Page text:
The short version is that the Brexit process left me feeling so much like a stranger in my own country that I decided to become one, and left. The long version, which follows, is slightly more convoluted, but not fundamentally different.
A little over two months have passed since I closed down my successful business as a freelance journalist and facilitator, sold the lovely house in Colinton that had been our family home for 30 years, consigned our possessions to storage, sale or disposal, and moved with my wife into the tiny flat in Montpellier that we had bought as a pied-a-terre and holiday retreat five years ago.
The truth of the matter is that we always hoped some day to retire to south-west France…just not yet. We are only in our early 60s. My business, having survived the years of economic adversity, had lately been going like the clappers. I was writing as well as I ever have, so far as I could tell; and enjoying it too. Our first grandchild was enchanting us in Scotland, and a second was on the way.
But our plans, like so many things of wider importance, were thrown into disarray by the imbecility of Brexit. We simply did not know what the British government would negotiate on free movement, or residency, or reciprocal healthcare and pension rights, because government itself showed no sign of knowing what it wanted to negotiate. A hard Brexit is still not impossible. Therefore, it made sense to start getting dug in here in France as soon as possible.
Squaring up to these inconvenient practicalities has been made easier by the conviction that Brexit Britain will be a bloody horrible place: insular, boorish, incurious, illiberal, kleptocratic, narrow-minded, baleful, broke, and draping its America-lite reality with fantasies of empire and Blitz. A place where every day is the Last Night of the Proms. Put out more flags? Goodbye to all that.
Britain stubbornly defines itself, and sadder still everyone else, by harking back three-quarters of a century. Just look at the history bays in the bookshop (or at any issue of the Daily Mail). Set aside the yards of royal trivia, and most of the rest is about 1939-45. The French may airbrush their wartime history but, like the rest of continental Europe, they are pretty scrupulous about distinguishing in conversation between Nazis, who were then, and Germans, who are now: and they are more interested in the latter than the former. In Britain, it is thought witty to deny the distinction.
Pointers to what lies ahead were also manifest in the dismal referendum campaign of 2016. Neither side excelled in truth or logic, but it hardly mattered, because the moment immigration entered the discussion all rationality departed. It may creep back in years to come as skill shortages cripple public services and make staple industries unviable, but I wouldn't bet on it.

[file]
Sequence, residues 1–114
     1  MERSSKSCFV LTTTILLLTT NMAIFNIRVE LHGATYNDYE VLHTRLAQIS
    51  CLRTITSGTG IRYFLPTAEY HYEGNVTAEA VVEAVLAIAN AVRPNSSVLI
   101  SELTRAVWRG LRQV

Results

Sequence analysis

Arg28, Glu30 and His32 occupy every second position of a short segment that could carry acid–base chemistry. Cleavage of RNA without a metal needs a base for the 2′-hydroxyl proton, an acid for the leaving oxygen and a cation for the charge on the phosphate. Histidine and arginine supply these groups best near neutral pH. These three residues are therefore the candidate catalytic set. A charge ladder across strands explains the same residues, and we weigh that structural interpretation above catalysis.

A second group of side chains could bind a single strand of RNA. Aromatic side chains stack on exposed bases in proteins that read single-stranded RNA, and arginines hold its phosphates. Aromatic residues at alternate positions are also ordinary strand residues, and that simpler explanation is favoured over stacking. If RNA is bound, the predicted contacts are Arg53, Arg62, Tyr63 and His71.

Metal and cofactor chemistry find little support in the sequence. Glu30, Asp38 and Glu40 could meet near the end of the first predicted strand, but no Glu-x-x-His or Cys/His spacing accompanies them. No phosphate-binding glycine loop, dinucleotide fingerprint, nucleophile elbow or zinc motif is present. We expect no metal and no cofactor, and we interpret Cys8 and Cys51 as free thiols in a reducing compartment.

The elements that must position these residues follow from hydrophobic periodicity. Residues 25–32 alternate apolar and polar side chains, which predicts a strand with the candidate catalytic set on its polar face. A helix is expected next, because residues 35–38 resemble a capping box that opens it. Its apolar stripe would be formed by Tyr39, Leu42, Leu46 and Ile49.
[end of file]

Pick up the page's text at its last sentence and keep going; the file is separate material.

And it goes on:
Like many people, I once harboured hopes that Scotland might find its own route to safeguarding the decent civic values that it habitually proclaims. But it is not to be: at least not yet.
And actually, those feelings of alienation first surfaced at that other referendum, in 2014. I would not have believed that a strategy bent so remorsely on demoralisation, on telling people in Scotland that they weren't up to nationhood, could succeed, even with the connivance of a once-trusted Labour party. For this time-served observer of Scottish affairs, it just didn't compute.
France computes. It is not perfect: for perfection, try Switzerland, and good luck. But after years of visiting regularly it has come to feel increasingly like home, even as Britain felt decreasingly so. I am getting to understand its culture in a way I can no longer fathom my own. The best way to explain it is that the French seem to care about many of the same things I do, and Britain no longer does.
They care how things look and taste and sound. They do not regard aesthetics as effeminate, nor ignorance as heroic. They are just as happy discussing art or politics or philosophy as they are discussing sport, which they enjoy very much but do not confuse with news. They admire celebrity, but expect it to reflect some degree of achievement.
They can have a good time without getting blootered and spoiling everyone else's good time. Their manners are not adjusted to the social standing of the recipient. They do not strew litter wherever they go (dogshit, alas, is another matter), they treat their children as apprentice adults and expect them to behave accordingly, and they address the elderly with respect.
They refuse to accept that national life exists only in the capital city, they work to live not the other way around, they want more from foreign policy than the privilege of writing 'ditto' on US state department press releases, and they believe that tradition should inform not pre-empt change. They have noticed that the second world war ended some months ago, and are happy to move on.
So far at least, and in defiance of the all-too familiar stereotypes, they have also been friendly and welcoming to us. They are curious about Brexit – bemused would be a better word – but not resentful, nor unduly concerned. Their concept of, and commitment to, Europe is undiminished by Britain dropping out of the picture. Which is how I feel too.